News from the capitol
Te U.S. Supreme Court declined to hear a case concerning the constitutionality of the Northeast Interstate Dairy Compact, according to the National Milk Producers Federation (NMPF), Arlington, Va.
Without comment, the high court rejected the 1997 argument by NewYork State Dairy Foods Inc. that the Compact Commission’s pricing plan discriminates against processors located outside New England. The trade group says that as a result of the Compact, dairy producers get a higher payback from New England processors and prefer to do business with them, as opposed to NewYork handlers.
The court’s rejection of the NewYork State Dairy Foods challenge likely spells the end of efforts to have the Compact declared illegal. It is the final legal step following a federal judge’s ruling in Boston upholding the Compact’s pricing rules, which the 1st U.S. District Court of Appeals agreed with last November.
Meanwhile, the Massachusetts state Senate has begun the process of withdrawing from the Northeast Dairy Compact. The state’s annual budget plan, which passed the Senate Ways and Means Committee in late May, includes language which indicts the compact for costing the state’s consumers more than it’s providing for its farmers. The bill reports the compact has cost consumers $15 million while providing only $3 million to the state’s farmers.The bill says Massachusetts consumers are in effect subsidizing out-of-state farms.
The bill directs the state’s delegation to the Compact to provide the requisite one-year notification of planned departure to the Compact Commission. It also sets up the Dairy Farms Trust Fund, allotted with $3 million per year in the event of a formal Compact repeal, as well as an additional $1 million to expand a current agriculture preservation program.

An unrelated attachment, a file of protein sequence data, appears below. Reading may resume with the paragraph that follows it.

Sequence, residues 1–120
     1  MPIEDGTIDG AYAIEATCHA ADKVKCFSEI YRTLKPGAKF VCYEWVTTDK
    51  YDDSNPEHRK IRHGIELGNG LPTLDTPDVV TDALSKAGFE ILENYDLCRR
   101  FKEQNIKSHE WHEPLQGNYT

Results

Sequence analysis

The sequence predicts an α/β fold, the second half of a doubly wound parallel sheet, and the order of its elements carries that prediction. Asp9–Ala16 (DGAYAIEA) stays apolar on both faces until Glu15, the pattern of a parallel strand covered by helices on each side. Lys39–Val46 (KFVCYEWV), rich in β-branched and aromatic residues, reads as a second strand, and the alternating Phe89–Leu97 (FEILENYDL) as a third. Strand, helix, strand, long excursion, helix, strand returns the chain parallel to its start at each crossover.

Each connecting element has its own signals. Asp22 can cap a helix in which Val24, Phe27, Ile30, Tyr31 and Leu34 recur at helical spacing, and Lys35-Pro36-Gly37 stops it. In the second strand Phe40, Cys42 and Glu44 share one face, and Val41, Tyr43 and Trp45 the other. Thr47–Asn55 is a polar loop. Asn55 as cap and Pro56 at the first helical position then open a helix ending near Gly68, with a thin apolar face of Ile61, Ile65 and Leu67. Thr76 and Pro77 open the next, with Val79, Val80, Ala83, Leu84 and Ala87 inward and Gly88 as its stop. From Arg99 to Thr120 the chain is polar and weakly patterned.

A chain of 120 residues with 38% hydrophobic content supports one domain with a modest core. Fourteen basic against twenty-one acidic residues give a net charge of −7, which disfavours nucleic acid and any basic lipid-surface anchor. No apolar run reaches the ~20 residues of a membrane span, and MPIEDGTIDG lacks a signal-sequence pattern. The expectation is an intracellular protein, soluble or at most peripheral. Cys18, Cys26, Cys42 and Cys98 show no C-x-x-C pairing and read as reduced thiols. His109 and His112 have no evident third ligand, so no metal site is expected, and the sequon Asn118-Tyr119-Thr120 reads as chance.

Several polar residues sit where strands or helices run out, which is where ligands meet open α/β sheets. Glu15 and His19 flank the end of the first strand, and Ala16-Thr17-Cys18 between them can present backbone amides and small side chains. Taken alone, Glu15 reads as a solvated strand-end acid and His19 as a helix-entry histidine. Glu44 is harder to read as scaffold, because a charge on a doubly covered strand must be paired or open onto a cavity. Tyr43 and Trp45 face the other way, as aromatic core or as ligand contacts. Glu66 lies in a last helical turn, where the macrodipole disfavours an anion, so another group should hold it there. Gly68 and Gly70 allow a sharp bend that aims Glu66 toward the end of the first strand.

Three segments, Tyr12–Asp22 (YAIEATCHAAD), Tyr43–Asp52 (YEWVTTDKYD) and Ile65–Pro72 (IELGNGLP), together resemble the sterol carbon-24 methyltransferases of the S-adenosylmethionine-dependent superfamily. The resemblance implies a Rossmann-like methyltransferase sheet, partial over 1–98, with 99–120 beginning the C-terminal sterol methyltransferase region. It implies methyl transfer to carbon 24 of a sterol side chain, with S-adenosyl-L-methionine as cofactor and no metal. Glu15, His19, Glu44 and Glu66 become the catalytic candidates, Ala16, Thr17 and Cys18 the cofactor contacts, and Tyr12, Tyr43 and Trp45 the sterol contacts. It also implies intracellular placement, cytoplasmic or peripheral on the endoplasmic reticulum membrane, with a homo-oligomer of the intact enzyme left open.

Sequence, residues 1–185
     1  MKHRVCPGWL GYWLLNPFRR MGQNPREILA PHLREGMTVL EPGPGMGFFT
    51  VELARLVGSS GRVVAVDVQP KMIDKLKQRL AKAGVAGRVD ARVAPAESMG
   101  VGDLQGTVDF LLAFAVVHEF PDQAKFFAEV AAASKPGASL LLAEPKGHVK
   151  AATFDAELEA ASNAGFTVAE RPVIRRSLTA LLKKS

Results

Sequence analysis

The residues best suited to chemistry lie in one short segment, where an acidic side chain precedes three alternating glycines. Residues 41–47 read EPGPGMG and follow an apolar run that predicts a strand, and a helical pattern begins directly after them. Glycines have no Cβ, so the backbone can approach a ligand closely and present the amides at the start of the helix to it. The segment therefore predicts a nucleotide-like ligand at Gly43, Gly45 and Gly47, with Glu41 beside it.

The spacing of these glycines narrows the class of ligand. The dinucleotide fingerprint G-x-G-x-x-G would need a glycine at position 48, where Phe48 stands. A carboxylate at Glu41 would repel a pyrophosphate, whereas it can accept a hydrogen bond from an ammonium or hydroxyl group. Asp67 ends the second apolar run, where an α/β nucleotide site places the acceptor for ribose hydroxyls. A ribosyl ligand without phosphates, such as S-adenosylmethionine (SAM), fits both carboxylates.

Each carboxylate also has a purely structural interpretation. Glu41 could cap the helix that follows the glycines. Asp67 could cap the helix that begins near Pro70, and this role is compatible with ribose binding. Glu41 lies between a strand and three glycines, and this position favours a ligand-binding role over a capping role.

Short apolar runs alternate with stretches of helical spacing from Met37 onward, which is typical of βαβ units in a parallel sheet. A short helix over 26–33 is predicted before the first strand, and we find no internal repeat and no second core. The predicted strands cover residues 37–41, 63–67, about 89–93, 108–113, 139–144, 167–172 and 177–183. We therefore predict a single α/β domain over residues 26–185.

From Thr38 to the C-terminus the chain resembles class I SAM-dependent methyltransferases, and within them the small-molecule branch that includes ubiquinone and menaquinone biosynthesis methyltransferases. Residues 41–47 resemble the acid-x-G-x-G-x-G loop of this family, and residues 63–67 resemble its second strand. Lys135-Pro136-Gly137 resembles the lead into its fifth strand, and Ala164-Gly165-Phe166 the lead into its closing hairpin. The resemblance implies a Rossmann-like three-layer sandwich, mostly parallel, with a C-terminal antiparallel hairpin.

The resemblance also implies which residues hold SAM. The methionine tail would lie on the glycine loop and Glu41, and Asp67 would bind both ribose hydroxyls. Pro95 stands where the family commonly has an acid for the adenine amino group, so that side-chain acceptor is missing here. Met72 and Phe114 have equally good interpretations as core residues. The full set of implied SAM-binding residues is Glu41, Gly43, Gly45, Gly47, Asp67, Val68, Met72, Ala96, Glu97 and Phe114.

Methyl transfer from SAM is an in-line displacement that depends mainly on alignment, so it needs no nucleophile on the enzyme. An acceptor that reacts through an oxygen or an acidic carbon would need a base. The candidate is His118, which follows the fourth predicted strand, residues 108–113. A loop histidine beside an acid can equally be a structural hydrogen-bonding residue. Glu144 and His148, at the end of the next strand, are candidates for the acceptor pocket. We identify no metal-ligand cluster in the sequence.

The U.S. House of Representatives voted in late May to extend permanent normal trade relations to China and the Senate approved the bill in early June. The Arlington, Va.-based U.S. Dairy Export Council (USDEC) and NMPF issued a joint press release commending the vote.
“This deal offers nothing but positives for the U.S. dairy industry. Dairy consumption in China is poised to expand, thanks to rising incomes in the urban areas and a greater awareness of the nutritional benefits of dairy products. Approving this deal gives U.S. exporters the same preferential tariff treatment as our competitors from Oceania and the European Union,” said Tom Suber, USDEC president.
Jerry Kozak, NMPF chief executive officer, noted that the groups “applaud this action by the House and the efforts of the Administration in recognizing the benefits that opening foreign markets can bring to our nation and to the agricultural sector in particular.”
The dairy groups note that once China is admitted to the World Trade Organization, the country will cut tariffs on key dairy products by “as much as five-fold, making imported dairy products less expensive to Chinese consumers.”
Worldwide grain and soybean surpluses are likely to push down prices for many commodities again this year. Soybean prices, which averaged $4.65 per bushel in 1999, will decline for the fourth year in a row. U.S. soybean production is expected to rise 12 percent, according to the U.S. Department of Agriculture (USDA). Continued low prices could increase federal crop subsidies from a projected $7.3 billion to as much as $8 billion, USDA reports.
Commodity prices collapsed in 1998 because of financial problems in Asia and heavy worldwide crop production and are expected to recover slowly through the coming decade. Congress is considering a third multibillion-dollar bailout of the U.S. farm economy in as many years.
Copyright Stagnito Publishing Jun 2000
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